Boron is abundant in tap water, which means you’re more likely to have problems when using reverse osmosis or filtered water. If the plants get tap water and they seem to be deficient in boron, try to rule out other conditions first.
Boron accumulates within leaf margins. Therefore, an excess will lead to discoloration and leaf death. Look for blackening or browning of the leaf tips and margins as an indication of excess boron.
In boron-mobile plants, the death of young growth and new leaves is a sign of boron toxicity. Deficiencies and toxicities will both reduce or stop growth in cannabis plants. The roots’ response to a lack of boron, especially in hydroponic gardens, can be quite sudden. Stunted root growth can happen within less than three hours when boron is taken away, and growth will stop completely within a day. This will not bode well for your crop of auto seeds or blueberry auto strain plants, but read on to find out how to treat this problem before it gets out of hand.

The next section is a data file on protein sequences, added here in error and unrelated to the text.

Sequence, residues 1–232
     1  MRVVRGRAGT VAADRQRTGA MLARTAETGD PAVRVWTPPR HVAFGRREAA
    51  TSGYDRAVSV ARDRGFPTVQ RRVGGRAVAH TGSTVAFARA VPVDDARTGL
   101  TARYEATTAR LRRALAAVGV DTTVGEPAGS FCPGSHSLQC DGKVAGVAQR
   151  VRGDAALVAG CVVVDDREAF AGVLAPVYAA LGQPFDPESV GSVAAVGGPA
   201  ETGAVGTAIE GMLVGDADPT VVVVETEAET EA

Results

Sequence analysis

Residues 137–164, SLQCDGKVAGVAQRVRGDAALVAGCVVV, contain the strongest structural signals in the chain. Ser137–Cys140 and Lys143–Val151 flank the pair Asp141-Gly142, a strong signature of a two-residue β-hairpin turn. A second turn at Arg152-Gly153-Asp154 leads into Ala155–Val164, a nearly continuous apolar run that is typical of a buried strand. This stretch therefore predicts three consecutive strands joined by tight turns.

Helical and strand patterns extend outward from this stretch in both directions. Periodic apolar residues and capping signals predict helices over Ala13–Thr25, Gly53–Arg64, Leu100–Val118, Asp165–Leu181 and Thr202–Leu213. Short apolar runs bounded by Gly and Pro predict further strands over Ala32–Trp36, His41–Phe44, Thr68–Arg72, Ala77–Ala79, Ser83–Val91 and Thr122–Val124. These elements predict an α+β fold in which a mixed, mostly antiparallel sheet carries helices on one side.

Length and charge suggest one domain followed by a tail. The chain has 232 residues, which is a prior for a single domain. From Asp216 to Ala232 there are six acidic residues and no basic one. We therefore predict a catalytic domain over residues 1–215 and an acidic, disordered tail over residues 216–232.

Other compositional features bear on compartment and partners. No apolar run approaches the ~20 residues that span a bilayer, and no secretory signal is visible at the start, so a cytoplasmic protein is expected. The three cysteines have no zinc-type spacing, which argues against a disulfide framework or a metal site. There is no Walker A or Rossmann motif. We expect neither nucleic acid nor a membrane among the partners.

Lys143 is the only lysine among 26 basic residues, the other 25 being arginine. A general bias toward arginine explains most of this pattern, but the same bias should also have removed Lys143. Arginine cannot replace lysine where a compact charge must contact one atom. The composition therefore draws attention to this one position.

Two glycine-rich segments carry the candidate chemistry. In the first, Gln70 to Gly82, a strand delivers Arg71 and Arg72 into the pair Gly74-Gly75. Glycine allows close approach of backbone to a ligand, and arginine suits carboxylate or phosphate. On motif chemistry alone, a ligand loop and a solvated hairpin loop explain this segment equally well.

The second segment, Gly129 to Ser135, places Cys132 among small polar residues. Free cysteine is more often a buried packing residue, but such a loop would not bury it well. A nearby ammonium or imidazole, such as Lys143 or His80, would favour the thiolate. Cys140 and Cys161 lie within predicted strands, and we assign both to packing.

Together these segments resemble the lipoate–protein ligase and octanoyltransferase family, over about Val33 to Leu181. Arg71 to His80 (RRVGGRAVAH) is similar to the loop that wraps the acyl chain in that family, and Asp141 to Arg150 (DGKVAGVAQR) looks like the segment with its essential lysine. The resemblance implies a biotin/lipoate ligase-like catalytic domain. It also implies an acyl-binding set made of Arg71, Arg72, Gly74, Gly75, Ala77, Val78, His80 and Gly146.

The situation can be quickly rectified with the addition of boron to the plants’ root zone, and improvement can be seen in as little as 12 hours. Because boron can be leached away, don’t over-water the plants. Foliar supplementation may be necessary.
Like several other important nutrients, the range between a boron deficiency and toxicity is rather narrow. At a concentration of less than 0.2 ppm, you’re likely to see symptoms of a deficiency; at 2 ppm and above, signs of toxicity may be present.